What topics do you want addressed by Judge Latwin? Tell us.
By Joe Latwin
In Holding Court: Paving the Way to Justice [May 16, 2023], I described a small claims trial where the claim was that the property didn’t collect water before the defendant repaved the driveway, but afterwards, the PVC pipe under the driveway was found to have collapsed and been blocked by rocks. Among the things I expected to come into play are the burden of proof. We now have a decision. Let’s see how good my crystal ball was.
In the written decision, Judge Livingston described the claim and the evidence. Critical to her decision was the concession the plaintiff made that she had no direct proof that the defendant had caused the damage to the pipe. Instead, it was plaintiff’s opinion that defendant caused the damage to the pipe because there was no problem before the defendant did the work and the damage was discovered after the defendant performed the work. Judge Livingston wrote “This is speculation, not proof …to the extent small claims litigants believe that their claims are self-evident… the judge may not fill in evidentiary gaps by unwarranted speculation…” She continued, “Certainly, the cause of an underground PVC pipe of unknown age breaking was not a matter of common knowledge but one which required an expert opinion. However, plaintiff did not produce an expert to testify as to the causation. Accordingly, the plaintiff has not proven liability on the part of the defendant.”
There was a 2016 appellate case involving a pipe. In that case the court said “plaintiff failed to prove that the damage to the sewer pipe was caused by any work that had been performed by defendant. Even in a small claims action, a plaintiff is required to produce an expert to prove causation when it is not apparent to a non-expert observer. …Plaintiff presented no expert testimony in support of his claim that the work that had been performed by defendant contributed to his sewer pipe damage.”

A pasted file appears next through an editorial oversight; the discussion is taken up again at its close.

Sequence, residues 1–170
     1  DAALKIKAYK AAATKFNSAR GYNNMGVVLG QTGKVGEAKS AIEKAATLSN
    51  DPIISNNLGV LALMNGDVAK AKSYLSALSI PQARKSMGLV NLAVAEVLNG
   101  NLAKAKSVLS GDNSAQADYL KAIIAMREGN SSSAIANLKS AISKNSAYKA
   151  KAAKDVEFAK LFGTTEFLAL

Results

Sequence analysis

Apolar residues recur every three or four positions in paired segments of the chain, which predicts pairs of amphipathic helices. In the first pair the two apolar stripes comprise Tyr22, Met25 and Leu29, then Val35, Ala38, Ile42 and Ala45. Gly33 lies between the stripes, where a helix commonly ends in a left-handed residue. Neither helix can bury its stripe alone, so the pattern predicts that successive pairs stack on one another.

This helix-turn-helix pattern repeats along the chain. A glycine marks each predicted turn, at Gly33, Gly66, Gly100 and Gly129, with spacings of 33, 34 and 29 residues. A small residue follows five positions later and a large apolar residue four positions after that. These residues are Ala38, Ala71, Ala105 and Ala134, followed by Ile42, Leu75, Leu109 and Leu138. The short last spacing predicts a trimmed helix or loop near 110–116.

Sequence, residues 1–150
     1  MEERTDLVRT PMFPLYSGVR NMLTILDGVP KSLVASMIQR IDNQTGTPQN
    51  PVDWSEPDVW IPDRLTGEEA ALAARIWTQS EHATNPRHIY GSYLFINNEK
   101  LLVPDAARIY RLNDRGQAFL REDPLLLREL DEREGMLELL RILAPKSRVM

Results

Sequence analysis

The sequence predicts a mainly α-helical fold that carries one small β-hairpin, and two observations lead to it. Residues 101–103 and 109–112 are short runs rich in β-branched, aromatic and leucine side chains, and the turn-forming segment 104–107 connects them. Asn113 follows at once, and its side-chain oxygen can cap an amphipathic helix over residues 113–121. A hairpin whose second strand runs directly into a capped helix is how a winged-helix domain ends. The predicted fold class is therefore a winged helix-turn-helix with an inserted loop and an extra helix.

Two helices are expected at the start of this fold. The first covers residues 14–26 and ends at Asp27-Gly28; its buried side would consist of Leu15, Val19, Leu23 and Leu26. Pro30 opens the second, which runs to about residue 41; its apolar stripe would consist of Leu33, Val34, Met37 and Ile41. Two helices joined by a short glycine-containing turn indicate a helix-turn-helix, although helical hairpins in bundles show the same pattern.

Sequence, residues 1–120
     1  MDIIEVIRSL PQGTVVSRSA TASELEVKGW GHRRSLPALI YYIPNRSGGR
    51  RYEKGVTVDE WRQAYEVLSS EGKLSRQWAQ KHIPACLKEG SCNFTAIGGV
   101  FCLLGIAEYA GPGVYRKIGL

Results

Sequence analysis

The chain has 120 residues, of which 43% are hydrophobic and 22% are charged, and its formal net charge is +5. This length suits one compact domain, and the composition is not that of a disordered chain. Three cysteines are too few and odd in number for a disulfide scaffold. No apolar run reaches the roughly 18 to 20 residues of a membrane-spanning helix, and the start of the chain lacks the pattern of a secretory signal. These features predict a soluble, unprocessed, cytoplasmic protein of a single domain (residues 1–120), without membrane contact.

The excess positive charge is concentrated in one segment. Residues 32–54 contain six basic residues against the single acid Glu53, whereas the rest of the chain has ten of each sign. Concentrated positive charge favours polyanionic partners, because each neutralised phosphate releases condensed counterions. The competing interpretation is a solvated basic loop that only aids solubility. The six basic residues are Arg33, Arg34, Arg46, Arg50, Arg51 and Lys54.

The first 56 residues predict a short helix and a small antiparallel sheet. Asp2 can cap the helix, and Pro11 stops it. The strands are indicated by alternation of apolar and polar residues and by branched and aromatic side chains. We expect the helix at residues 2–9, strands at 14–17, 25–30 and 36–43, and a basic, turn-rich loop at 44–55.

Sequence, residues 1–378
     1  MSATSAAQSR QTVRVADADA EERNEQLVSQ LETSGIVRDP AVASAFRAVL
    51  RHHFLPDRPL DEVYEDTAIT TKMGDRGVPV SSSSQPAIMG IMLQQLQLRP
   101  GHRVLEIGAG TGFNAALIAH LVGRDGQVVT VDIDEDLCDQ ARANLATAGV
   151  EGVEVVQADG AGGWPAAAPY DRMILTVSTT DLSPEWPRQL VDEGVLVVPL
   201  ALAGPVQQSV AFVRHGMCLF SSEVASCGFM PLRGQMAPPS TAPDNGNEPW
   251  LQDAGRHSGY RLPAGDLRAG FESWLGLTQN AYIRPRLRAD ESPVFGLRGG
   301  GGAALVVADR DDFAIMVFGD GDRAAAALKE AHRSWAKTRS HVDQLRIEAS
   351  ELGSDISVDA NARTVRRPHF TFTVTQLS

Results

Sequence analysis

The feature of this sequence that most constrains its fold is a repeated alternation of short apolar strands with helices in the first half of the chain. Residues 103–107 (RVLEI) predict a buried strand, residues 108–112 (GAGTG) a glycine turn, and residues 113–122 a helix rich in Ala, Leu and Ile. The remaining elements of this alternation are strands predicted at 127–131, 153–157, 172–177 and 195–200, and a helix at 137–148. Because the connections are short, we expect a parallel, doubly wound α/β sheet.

The case was dismissed. Apparently, my prospects as a soothsayer are bright. I can accurately “soothe”. (Just not on horses or the market)
Lessons learned: As I said in my February 7 article, Holding Court: Civil Cases in Rye – Small Claims and Commercial Claims, no attorney is required but it is frequently penny wise and pound foolish to forego attorney representation. As a wise (modest, and good looking) now-retired jurist wrote “(Small and) Commercial Claims are often a snare for the unwary Pro se litigant. Perhaps beguiled by televised simulated court programming, the public may be misled into the belief that in a 22-minute segment, if you tell your story and it seems unfair, then you will prevail regardless of the quantity or quality of the evidence and proof.
Here, unfamiliarity with what the law required to sustain the burden of proof and the need for witnesses or sufficient evidence in admissible form to prove the case creates false expectations that reduce the chances of a settlement and may result in falling short of the desired outcome. If you don’t know what you need to prove and what evidence is needed to prove it, you are working blindfolded and as likely to have success hitting your target as would a blindfolded archer. By avoiding the expense of an attorney with knowledge of the law and how to prove the required facts, the Pro Se small or commercial claimant risks losing their claim. This is unfortunate.”
To paraphrase George Harrison: if you don’t know where you’re going, any road will take you there but not in Court!